Although the Dutch coffee market is already looking beyond certification (see below), certified coffees are expected to remain important on the Dutch coffee market. This is largely due to the importance of retailers as the main sales channel for coffee in the Netherlands and their commitment to certification.

Sustainability has become mainstream in the Netherlands

Besides certification efforts, coffee industry players in the Netherlands are also increasingly engaged in other sustainability endeavours. For instance, in 2019, several Dutch public and private actors launched the Futureproof Coffee Collective. The initiative aims to calculate (and pay) ‘the true price’ of coffee, which includes the social and environmental costs of coffee production. Over twenty small and medium-sized coffee companies are part of this initiative, examples of which are Kinti Coffee, Fairtrade Original and Mocca d’Or.

The Living Wage Lab, founded in 2015, is another Dutch initiative. This lab serves as a platform to share lessons learnt and insights on how to ensure and implement tools so coffee workers are paid a living wage. Moyee Coffee, Fairtrade and Rainforest Alliance/UTZ take part in this initiative.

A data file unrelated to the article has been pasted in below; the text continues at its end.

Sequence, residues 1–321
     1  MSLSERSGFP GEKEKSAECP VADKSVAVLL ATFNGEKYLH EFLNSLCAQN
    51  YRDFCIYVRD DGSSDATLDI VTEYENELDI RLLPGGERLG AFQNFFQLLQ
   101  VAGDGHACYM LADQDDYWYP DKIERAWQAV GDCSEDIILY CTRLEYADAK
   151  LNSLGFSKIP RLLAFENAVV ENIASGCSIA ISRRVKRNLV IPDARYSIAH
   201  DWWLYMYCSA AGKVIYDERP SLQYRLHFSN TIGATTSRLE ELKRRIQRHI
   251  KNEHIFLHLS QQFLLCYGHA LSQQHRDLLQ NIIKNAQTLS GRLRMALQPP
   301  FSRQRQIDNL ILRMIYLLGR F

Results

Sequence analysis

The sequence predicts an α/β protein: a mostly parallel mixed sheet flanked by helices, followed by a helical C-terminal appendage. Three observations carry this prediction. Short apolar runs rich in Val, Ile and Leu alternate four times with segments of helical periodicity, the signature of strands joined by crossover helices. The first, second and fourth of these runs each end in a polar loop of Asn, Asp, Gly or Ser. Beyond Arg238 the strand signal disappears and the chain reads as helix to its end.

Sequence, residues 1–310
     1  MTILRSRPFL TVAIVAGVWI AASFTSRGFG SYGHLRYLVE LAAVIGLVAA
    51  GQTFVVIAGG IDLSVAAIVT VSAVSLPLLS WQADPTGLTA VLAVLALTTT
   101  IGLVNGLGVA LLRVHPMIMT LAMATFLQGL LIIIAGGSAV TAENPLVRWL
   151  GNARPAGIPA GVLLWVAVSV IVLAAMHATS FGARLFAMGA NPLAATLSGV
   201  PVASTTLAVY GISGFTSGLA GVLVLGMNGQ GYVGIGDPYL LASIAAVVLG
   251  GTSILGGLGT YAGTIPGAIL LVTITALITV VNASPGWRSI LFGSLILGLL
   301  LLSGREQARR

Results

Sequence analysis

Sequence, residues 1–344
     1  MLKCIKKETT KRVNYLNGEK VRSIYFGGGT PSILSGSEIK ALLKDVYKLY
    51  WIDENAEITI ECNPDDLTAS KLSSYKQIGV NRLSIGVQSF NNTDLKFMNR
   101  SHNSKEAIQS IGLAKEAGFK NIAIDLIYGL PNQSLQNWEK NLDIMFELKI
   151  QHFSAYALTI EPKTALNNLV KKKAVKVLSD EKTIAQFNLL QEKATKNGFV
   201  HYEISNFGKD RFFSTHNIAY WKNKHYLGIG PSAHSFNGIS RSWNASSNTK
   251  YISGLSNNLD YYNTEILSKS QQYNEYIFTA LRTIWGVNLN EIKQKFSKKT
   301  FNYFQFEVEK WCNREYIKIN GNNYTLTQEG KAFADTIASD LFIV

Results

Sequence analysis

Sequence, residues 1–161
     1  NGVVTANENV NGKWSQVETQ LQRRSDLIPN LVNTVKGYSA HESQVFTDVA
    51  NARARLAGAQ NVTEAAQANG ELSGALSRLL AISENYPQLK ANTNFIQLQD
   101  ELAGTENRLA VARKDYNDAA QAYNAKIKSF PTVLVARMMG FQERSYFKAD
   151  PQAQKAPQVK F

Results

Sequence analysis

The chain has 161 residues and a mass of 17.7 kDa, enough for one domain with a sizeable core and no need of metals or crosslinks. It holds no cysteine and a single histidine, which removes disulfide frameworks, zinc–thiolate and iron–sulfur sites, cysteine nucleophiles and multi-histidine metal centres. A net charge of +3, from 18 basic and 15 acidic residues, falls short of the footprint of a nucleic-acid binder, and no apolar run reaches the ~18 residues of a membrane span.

Several Dutch coffee actors have also joined international sustainability initiatives, such as the Global Coffee Platform and the Sustainable Coffee Challenge. Moyee Coffee is an example of a Dutch company taking part in the Sustainable Coffee Challenge, committing to adding more value in coffee producing countries by expanding coffee roasting, packing and branding capacity in countries of origin (Ethiopia specifically). Another example is Dutch roaster Pelican Rouge, which implemented a specific soil improvement program in Cameroon in 2019, to help coffee farmers better understand the relation between soil, nutrition and coffee quality. 


ProFound – Advisers In Development carried out this study on behalf of CBI. 

Please review our market information disclaimer.

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There is a growing interest in high-quality and sustainably produced coffees in the Netherlands, which might provide producers with interesting opportunities. In this segment, good story-telling and adherence to sustainable production and trade practices is important.

Lisanne Groothuis

Lisanne Groothuis: market researcher

After decades of deteriorating coffee quality in the Netherlands, more consumers are starting to embrace specialty. Innovative importers and micro-roasters are popping up. Certified coffee is gaining ground, particularly in the midsegment coffee for large mainstream retail.

Jeroen Kruft

 Jeroen Kruft: CBI expert